"No, uncle Albert, don't blame yourself…you were trying to protect us. Chris…he…wasn't the one who took it out of the closet. He wanted to see it after I pulled it out. It was loaded, but I don't think dad even realized he forgot to remove the bullets. Chris didn't pull that trigger…I did! I lied and told everyone I found him that way."
Admitting his guilt had come much easier since he'd tearfully told Clifford the truth the other night. Clifford had accepted his story with no qualms, but they were still kids. His uncle was a grown man and trained to find motive.
"Now you know the truth. But you still didn't say how you know that Chris didn't shoot himself?" Ricky demanded, an edge crept into his voice.
Albert wiped his eyes and stared at him. "There were the obvious clues…the angle and entry of the bullet wound versus the position of the gun in his hand…the bullet somewhat deflected and hit your mother's china closet after it struck him. If he'd raised it to his head and pulled the trigger like that, the bullet might've still been lodged in his head. The fact that the gun was still in his hand after it fired…the impact would've been jarring and the recoil would've forced him to drop it. He was only eleven years old, and not used to that force. those are just some technicalities that got lost in the sauce. Poor kid."
Albert clammed up, refusing to say more on the subject and Ricky got the hint. It really appeared that Albert did go out on a limb, perhaps even covering up vital aspects of the investigation. It was no wonder he felt troubled. This had been a disturbing week for both of them, Ricky supposed. The day before, Ricky's custom built motorbike was thrown into the pond near the school and he was almost pummeled by Moody and his bodyguard, Mike. Ricky had allowed it to happen, he didn't want his peers to have their biggest fears and suspicions about him confirmed. He was not a bully; he was not a killer…though presently, under the intense gaze of his uncle, he felt like he should be taking the long walk to the electric chair.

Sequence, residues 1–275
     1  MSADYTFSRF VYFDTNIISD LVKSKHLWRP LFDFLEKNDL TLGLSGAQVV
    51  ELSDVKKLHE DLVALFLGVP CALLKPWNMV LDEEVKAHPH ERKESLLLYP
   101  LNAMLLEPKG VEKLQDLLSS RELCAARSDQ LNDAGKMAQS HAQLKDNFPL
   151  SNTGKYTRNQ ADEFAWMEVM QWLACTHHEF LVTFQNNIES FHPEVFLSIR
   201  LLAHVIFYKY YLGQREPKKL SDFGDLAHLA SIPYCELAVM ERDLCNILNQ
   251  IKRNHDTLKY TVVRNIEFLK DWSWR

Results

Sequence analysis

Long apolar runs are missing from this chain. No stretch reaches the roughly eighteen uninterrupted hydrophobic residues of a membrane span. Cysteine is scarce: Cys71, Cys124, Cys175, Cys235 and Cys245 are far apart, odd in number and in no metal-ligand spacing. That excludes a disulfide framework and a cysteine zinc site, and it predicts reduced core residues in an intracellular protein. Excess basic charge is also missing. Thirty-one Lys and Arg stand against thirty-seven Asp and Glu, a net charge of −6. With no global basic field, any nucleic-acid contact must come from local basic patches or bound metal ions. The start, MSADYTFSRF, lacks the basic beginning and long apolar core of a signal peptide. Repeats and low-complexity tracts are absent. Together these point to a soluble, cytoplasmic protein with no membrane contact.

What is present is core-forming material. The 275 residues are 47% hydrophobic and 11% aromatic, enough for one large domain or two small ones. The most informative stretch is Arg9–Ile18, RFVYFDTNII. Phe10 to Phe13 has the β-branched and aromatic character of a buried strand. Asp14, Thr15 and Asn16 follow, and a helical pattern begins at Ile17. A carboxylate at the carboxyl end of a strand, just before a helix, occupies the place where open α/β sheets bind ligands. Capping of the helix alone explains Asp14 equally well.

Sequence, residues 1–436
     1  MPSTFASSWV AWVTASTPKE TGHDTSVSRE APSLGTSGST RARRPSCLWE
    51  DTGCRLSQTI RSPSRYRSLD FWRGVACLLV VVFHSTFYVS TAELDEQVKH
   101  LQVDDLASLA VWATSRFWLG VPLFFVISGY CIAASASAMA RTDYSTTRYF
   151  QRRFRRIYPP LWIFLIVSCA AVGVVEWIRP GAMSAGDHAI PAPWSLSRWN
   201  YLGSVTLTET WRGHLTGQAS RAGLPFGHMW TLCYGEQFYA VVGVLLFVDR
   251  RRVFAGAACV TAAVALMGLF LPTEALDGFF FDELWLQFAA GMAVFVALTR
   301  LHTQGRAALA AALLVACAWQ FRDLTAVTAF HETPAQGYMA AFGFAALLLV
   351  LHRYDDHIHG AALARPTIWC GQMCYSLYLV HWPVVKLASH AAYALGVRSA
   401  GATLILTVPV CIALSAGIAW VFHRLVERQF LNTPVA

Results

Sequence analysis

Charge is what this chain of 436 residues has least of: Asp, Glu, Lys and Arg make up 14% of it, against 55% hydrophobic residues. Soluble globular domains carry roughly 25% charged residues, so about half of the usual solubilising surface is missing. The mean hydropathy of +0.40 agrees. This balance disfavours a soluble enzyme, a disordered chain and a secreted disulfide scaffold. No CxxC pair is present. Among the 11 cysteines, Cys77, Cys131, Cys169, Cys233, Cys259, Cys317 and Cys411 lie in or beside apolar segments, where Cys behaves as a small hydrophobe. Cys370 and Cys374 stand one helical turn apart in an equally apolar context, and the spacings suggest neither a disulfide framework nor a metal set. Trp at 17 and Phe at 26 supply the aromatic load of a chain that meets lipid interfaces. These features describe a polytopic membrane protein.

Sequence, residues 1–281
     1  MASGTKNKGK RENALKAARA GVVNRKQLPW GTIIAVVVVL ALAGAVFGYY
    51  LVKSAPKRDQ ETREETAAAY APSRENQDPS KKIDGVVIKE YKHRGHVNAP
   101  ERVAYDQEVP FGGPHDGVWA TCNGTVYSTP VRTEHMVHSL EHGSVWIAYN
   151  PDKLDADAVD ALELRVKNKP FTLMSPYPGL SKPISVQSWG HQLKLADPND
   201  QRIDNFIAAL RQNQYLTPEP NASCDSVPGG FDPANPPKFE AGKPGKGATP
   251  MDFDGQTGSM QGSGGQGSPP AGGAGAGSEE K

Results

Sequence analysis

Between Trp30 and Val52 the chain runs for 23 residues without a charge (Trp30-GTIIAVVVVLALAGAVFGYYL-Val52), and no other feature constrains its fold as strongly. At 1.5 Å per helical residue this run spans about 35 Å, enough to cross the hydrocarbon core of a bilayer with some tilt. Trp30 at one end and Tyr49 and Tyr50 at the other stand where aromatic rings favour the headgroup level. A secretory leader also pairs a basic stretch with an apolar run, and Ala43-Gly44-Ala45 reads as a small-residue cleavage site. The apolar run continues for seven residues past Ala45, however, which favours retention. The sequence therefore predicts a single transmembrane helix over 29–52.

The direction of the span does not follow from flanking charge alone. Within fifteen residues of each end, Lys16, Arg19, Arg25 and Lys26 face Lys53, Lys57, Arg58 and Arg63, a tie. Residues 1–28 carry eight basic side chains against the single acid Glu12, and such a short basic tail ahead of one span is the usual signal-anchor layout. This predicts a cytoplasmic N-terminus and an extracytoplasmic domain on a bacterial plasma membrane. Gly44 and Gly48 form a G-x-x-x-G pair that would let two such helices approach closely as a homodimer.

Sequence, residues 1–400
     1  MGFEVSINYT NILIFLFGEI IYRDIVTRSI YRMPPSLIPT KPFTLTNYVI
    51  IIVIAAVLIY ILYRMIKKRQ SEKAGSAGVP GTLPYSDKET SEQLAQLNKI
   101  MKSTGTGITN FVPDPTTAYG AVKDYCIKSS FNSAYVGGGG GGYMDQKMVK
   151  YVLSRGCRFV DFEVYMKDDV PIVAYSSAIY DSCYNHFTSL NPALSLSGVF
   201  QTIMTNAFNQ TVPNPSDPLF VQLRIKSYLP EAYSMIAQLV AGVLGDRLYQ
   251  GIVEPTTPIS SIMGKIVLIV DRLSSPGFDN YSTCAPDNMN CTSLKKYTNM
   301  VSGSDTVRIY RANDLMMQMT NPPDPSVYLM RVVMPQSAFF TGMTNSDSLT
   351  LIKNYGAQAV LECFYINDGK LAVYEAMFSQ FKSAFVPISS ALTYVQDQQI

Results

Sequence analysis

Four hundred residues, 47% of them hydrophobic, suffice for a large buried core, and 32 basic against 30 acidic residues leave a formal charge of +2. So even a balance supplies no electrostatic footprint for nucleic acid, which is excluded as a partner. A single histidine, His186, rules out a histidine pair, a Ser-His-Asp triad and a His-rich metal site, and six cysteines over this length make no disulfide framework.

Ricky's eyes filled with tears. What was the point of all this? "You gonna tell my parents?" He asked sullenly.
Albert looked saddened, but shook his head. "Your parents are already in their own hell…why should I push them any deeper? Besides, that will have to be your decision, when you feel the time is right. You know I'll support you in any way that I can…"
Ricky stood up again and kicked at the chair. He faced his uncle anguished.
"Why did you have to say anything to me, uncle Albert? Does it matter any more? You didn't tell on me then, are you gonna now? Why?"
Albert stood up and put out his hands. "Calm down, Ricky. Obviously I'm not gonna tell on you…but I'm telling you for your own good. For your sanity. I wanted you to know that you're not alone here. You've been depressed to point of almost killing yourself and it scared the heck out of me! The only way to conquer that is to face up to your mistakes and get some help. I'm not a therapist or anything but I'm your family, and dammit, if no one else can help you, then I will!"
Ricky laughed. He didn't mean for it to come out so spiteful.
"You act like you're my father! You're not! You have a wife and daughter, take care of them and leave me alone! You're just my uncle!"